This is the fourth part of our series about the condition based on our patient booklet “Fast Facts for Patients and their Supporters: Advanced Cutaneous Squamous Cell Carcinoma”. This article deals with the types of metastatic cutaneous squamous cell carcinoma.
Metastatic Cutaneous Squamous Cell Carcinoma
Why Does cSCC Spread?
It is rare for cSCC to spread to another place in the body. But there are some high-risk features of the primary cSCC that make this more likely, including:
- large size (over 2 cm)
- cancer recurs (comes back) in the same location after surgery
- it affects the ear or lip.
There are also some features that can be seen in the laboratory from the biopsy:
- the nerves are involved
- the cancer cells are poorly differentiated, which means they appear spindle shaped or different from usual cancer cells
- the cancer has created a different-looking area around itself (called desmoplasia)
- the cancer has grown (invaded) deeply through the skin to the fat, muscle or bone underneath.
cSCC is also more likely to spread in a person whose immune system is suppressed – which happens with some conditions, such as leukemia, lymphoma and HIV/AIDS, and after an organ transplant.
What Are the Different Types of Metastases?
Regional and In-Transit Metastasis
The lymphatic system is made up of small vessels and lymph nodes. It runs through the body alongside blood vessels. (Lymph nodes = “glands”.)
It’s an important part of the immune system as it provides a way for immune cells to circulate around the body.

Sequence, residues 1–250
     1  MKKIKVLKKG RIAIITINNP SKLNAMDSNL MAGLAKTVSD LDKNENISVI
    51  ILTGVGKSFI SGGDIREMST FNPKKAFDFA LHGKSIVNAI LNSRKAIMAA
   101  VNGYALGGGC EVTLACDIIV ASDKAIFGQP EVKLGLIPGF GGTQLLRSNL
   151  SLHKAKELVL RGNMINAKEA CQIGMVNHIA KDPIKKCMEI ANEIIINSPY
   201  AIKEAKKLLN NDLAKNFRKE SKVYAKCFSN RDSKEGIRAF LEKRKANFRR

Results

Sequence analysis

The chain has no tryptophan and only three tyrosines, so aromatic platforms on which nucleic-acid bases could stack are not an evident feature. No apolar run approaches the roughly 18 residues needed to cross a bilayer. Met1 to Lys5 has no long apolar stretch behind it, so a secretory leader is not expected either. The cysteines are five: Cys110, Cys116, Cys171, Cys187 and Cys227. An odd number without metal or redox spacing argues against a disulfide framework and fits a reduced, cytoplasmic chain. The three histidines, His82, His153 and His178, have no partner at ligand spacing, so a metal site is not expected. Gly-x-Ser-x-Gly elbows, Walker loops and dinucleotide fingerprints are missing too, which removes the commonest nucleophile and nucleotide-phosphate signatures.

When cSCC spreads, or metastasizes, to other parts of the body, it typically travels through the lymphatic system or the bloodstream.
cSCC cells that invade the lymphatic system can travel to the lymph nodes and grow there. When the affected lymph node is close to the original tumor, it’s called regional metastasis.
Very rarely, cSCC spreads through the lymphatic system and grows in multiple tumors under the skin along the lymphatic route. This is called in-transit metastasis.
Distant metastasis happens when cSCC cells travel past the regional lymph nodes to lymph nodes or organs in other places in the body, as shown on the diagram:
The position of the primary tumor influences where the cancer will spread, but it’s not always possible for doctors to predict where it will appear.
If you have been diagnosed with distant metastasis, you can see and note the position on the metastatic cancers on the diagram.
Please check out the other posts of our series here:
- What Is (Advanced) Cutaneous Squamous Cell Carcinoma?
- How Can Cutaneous Squamous Cell Carcinoma Be Diagnosed?
- Staging of Metastatic Cutaneous Squamous Cell Carcinoma
Information based on Fast Facts for Patients and their Supporters: Advanced Cutaneous Squamous Cell Carcinoma (Karger, 2020).